Fresh cases challenging President Kenyatta re-election in court

Saturday November 11 2017

Kenya’s Supreme Court in session during the 2017 presidential petition.

Kenya’s Supreme Court in session during the 2017 presidential petition. The court will from November 14 begin another gruelling seven-day session to determine whether President Uhuru Kenyatta will be sworn-in. PHOTO | AFP 

By ERICK ODUOR
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The Supreme Court of Kenya will from November 14 begin another gruelling seven-day session to determine whether President Uhuru Kenyatta will be sworn-in.

At least six judges of Kenya’s apex court will preside over a status conference where the parties to the presidential election petitions will agree on the rules of engagement to pave the way for hearing and determination of the cases.

In their pleadings, three petitioners want the repeat presidential elections held on October 26 declared null and void due to numerous mistakes by the Independent Electoral and Boundaries Commission (IEBC).

The electoral commission, the first petitioner, has dropped the lawyers who lost to the National Super Alliance legal team in the petition that challenged President Kenyatta’s re-election on August 8 polls.  

At the centre of the petition that has not attracted a reaction by the main opposition party  —  National Super Alliance (Nasa) —  even though its lawyers have been served, is lack of nomination of presidential candidates by political parties given that the October poll was not a rerun.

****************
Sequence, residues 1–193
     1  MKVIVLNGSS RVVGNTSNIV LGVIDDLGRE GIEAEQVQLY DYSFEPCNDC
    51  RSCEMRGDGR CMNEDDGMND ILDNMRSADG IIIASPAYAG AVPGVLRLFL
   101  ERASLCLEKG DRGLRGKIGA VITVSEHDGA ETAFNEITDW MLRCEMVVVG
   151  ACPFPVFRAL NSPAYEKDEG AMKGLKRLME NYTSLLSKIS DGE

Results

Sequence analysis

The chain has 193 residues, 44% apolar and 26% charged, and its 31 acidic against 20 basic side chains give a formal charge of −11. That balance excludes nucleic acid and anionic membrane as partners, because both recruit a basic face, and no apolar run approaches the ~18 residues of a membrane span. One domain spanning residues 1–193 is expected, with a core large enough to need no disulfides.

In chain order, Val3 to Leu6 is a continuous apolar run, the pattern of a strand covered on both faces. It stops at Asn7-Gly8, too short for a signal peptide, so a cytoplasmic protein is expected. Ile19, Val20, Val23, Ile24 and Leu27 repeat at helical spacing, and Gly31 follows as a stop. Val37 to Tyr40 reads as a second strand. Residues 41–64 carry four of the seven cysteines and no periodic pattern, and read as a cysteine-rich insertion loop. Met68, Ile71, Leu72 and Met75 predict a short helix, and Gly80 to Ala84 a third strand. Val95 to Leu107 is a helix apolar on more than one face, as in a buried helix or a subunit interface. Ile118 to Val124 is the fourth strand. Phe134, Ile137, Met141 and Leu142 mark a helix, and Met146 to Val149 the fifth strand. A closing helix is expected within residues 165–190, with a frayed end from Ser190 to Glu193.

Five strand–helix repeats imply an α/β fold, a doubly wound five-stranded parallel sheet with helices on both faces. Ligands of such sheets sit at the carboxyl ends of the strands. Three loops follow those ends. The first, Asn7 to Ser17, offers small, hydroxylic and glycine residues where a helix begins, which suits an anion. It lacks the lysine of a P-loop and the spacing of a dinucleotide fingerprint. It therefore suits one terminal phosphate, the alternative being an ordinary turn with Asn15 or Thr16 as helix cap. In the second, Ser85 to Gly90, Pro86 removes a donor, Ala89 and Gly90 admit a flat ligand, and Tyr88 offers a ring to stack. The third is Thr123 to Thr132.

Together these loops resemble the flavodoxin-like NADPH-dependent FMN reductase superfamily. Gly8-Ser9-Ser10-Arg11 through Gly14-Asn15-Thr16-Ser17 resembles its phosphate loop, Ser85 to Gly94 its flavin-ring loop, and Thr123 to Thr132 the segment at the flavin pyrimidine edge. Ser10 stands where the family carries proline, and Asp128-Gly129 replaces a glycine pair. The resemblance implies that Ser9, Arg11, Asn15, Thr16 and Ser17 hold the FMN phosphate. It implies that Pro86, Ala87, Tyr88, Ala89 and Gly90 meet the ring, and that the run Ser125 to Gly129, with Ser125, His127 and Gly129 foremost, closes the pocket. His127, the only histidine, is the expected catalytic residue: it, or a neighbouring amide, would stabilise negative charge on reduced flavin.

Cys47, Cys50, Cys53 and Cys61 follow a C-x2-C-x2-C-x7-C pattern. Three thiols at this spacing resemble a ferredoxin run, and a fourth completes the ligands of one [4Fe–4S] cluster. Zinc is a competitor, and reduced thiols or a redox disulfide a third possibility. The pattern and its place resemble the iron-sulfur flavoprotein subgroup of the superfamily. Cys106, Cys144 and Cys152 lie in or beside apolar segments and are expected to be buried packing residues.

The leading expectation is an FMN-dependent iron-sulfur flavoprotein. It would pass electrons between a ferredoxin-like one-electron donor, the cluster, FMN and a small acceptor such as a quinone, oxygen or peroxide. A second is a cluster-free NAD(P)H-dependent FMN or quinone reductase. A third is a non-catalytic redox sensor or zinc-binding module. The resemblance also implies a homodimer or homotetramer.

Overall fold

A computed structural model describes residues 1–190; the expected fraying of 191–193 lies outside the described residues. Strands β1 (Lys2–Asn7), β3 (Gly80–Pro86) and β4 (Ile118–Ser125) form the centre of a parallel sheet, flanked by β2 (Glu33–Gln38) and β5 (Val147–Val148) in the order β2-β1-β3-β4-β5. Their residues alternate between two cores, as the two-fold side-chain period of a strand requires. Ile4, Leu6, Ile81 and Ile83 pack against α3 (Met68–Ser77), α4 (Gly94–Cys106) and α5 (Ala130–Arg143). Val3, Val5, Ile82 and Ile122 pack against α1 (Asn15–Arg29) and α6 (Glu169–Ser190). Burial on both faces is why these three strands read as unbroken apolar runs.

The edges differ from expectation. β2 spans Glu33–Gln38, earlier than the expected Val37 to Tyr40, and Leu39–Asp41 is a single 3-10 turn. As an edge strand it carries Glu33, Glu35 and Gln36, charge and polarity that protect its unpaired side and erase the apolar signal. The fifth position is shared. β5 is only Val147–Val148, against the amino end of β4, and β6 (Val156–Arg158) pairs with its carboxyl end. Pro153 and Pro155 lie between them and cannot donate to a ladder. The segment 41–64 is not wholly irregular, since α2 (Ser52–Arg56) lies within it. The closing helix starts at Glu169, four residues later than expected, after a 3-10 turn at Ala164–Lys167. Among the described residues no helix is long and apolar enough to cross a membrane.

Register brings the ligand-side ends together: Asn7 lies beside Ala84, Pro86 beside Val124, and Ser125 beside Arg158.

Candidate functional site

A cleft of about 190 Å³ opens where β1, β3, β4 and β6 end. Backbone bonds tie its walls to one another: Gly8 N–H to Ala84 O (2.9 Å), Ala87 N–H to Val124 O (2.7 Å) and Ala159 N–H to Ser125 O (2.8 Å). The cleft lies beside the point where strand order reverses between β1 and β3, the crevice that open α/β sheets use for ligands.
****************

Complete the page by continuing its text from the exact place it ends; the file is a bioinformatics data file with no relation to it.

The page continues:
Nasa lawyers argue that the October 26 polls were not conducted in line with the Constitution and the Supreme Court ruling in 2013, which stipulated that when a presidential elections are invalidated, fresh polls should be carried out.

One of the petitioners, Harun Mwau, argued that IEBC chairman Wafula Chebukati violated the Constitution when he went ahead to gazette the names of the candidates who participated in the repeat election without starting the process afresh as required by law.

“By refusing to conduct fresh nominations, IEBC and its chairman (Wafula) Chebukati violated the Constitution, thereby denying citizens the right to vote or stand for the election,” reads the petition.

Two civil society activists, Njonjo Mue and Khelef Khalifa, also petitioned the court to invalidate the results, saying the electoral commission arbitrarily gazetteed the names of candidates without following the law.

However, Mr Mue’s petition is likely to generate some heat at the hearing after the Jubilee Party claimed that it was filed past the required time, and is ready to push for it to be knocked out on a technicality.